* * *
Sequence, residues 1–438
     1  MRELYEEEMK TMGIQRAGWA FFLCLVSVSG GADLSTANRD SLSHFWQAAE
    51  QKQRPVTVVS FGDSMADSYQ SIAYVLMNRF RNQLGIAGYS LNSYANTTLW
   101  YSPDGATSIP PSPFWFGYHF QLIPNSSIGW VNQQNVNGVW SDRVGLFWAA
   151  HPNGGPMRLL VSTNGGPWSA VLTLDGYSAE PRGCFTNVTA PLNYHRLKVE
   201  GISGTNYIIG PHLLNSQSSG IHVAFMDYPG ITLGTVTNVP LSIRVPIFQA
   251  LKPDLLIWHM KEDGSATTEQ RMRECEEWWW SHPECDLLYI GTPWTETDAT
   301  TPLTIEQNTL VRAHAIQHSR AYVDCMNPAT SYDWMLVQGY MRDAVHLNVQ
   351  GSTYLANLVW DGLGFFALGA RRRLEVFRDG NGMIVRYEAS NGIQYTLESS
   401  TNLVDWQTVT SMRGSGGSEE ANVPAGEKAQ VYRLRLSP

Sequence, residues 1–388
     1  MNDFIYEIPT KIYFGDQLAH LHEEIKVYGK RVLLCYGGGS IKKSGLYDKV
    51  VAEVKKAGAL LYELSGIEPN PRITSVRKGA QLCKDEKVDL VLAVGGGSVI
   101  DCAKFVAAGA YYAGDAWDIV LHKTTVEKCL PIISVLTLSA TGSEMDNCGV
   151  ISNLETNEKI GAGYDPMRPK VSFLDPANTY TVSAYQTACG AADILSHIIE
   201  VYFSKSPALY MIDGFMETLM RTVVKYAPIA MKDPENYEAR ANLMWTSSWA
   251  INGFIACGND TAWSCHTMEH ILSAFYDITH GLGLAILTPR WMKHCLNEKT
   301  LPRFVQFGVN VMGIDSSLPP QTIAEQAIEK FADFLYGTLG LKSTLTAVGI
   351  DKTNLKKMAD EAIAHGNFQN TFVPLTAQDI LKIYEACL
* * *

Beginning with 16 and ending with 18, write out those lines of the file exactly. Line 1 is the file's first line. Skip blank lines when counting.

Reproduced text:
   201  VYFSKSPALY MIDGFMETLM RTVVKYAPIA MKDPENYEAR ANLMWTSSWA
   251  INGFIACGND TAWSCHTMEH ILSAFYDITH GLGLAILTPR WMKHCLNEKT
   301  LPRFVQFGVN VMGIDSSLPP QTIAEQAIEK FADFLYGTLG LKSTLTAVGI